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Court orders medical surveys of inmates’ health disclosed

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    NMU         PENNSYLVANIA         Freedom of Information         Mar 21, 2001    

Court orders medical surveys of inmates’ health disclosed

  • Individual medical records of inmates are not available for public review, an appeals court ruled, but the Department of Corrections must release a survey of inmates’ health and the policy behind the survey.

The Pennsylvania Court of Appeals ruled March 14 that reports disclosing the number of inmates in the state penal system with Hepatitis C are public records. However, the court also ruled that the individual medical records of inmates were closed under an exception to the state open records law.

Julian Heicklen, representing himself, sued the Department of Corrections to obtain access to department-administered surveys of inmates with Hepatitis C, reports regarding the treatment of these inmates, and the department’s policy for identification and treatment of the condition. Heicklen, a former Penn State University professor and Libertarian Party candidate for state attorney general, had been jailed several times in 1998 and 1999 for publically smoking marijuana in protest of its illegal status.

The court noted that under the Pennsylvania public records law, a record is only public if it contains “some actual agency determination fixing rights or duties” or it “forms the basis for such a determination.” Because the department policy for identification and treatment of Hepatitis C provides guidance to health care professionals and the survey prompted the policy, the court concluded that the policy and the survey are open records under the Pennsylvania open records law.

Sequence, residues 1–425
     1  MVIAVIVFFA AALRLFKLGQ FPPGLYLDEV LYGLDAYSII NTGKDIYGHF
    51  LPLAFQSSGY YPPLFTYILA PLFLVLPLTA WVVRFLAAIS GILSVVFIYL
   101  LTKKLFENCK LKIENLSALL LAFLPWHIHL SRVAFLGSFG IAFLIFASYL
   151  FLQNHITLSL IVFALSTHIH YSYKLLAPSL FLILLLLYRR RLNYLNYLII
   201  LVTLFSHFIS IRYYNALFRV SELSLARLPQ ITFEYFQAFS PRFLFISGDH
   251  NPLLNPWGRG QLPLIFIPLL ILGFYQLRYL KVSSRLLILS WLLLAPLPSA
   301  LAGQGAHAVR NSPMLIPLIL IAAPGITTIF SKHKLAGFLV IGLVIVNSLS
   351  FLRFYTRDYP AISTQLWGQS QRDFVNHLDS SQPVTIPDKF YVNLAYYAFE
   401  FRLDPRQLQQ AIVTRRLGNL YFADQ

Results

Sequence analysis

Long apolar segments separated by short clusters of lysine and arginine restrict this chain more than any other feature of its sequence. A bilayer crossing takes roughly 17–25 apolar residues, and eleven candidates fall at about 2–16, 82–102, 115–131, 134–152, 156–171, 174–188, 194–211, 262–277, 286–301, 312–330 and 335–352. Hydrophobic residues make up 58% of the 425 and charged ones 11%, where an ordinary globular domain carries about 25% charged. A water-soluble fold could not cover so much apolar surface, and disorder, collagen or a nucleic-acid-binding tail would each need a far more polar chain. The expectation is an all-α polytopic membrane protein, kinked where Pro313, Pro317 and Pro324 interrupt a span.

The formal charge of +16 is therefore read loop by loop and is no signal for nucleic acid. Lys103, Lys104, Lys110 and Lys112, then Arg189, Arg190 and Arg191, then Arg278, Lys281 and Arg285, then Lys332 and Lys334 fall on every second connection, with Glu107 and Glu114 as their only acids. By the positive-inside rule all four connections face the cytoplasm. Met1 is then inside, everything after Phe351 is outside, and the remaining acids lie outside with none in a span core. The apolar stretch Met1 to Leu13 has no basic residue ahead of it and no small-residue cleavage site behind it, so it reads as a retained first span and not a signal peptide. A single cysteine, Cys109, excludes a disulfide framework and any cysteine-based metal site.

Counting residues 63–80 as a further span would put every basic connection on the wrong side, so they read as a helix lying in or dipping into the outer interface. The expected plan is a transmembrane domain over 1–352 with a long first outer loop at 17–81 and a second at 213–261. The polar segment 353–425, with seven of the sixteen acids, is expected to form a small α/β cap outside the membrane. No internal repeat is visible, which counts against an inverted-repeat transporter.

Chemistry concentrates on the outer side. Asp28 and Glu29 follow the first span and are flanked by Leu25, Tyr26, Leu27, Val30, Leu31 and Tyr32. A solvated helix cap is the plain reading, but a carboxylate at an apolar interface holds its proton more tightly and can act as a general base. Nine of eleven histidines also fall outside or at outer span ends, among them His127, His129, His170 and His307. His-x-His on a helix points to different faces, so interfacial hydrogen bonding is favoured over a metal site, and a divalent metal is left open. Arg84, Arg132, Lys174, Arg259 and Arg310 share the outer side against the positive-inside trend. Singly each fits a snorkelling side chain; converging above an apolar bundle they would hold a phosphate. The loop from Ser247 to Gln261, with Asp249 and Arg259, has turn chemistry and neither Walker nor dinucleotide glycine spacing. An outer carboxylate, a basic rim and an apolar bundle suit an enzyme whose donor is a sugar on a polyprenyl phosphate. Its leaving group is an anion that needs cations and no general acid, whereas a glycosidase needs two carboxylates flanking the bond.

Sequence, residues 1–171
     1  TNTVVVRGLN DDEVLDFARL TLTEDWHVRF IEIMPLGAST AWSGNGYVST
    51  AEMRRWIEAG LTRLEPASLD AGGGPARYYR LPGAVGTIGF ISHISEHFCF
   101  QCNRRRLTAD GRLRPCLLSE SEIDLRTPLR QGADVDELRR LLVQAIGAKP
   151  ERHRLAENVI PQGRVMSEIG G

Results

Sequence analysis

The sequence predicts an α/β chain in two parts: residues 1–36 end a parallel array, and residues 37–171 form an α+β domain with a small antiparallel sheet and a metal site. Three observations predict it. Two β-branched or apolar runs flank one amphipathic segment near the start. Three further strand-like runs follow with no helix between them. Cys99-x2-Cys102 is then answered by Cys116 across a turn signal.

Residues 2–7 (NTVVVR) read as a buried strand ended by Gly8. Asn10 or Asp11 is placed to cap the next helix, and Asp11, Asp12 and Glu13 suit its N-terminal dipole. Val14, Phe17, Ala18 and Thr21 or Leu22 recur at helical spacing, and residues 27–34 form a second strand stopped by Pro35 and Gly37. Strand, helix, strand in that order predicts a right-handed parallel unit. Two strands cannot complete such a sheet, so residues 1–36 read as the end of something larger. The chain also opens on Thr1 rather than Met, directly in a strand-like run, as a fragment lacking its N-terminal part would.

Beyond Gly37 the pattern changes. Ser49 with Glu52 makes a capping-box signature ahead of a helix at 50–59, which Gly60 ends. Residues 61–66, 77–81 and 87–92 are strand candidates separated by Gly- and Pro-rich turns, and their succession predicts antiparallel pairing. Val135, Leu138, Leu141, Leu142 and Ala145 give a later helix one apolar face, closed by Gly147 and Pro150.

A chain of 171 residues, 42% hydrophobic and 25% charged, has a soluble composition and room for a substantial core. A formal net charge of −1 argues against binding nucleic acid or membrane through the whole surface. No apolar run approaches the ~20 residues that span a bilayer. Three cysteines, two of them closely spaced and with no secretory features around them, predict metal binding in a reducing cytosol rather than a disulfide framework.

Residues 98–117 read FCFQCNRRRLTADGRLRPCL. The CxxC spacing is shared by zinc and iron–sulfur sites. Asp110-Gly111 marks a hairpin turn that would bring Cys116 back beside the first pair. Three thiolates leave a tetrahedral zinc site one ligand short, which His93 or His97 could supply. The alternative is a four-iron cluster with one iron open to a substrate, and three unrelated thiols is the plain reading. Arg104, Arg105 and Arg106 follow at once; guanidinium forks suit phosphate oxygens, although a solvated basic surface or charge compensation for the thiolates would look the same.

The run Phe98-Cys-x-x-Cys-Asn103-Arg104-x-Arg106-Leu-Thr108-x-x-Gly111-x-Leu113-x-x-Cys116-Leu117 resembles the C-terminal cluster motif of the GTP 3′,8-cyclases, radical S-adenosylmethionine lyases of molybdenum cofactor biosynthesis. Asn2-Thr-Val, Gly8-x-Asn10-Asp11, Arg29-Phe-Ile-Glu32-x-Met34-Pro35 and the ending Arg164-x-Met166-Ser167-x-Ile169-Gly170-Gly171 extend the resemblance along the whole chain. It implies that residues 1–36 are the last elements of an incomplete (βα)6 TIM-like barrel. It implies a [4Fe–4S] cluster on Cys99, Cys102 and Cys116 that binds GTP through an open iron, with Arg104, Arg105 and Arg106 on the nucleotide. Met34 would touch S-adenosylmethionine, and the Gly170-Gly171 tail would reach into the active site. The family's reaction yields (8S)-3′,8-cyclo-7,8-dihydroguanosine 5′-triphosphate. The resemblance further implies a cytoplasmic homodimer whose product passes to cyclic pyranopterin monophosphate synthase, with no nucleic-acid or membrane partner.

However, the court refused to release records showing the treatment of individual inmates citing previous case law holding that documents that “would reveal confidential information in the inmate’s medical record” are excepted from the open records law.

Heicklen made repeated requests in April and May 2000 for access to the records. The department denied all of Heicklen’s requests on the grounds that they did not “fix rights or duties and did not reflect the policy of the Department.”

(Heicklen v. Department of Corrections) CC

© 2001 The Reporters Committee for Freedom of the Press

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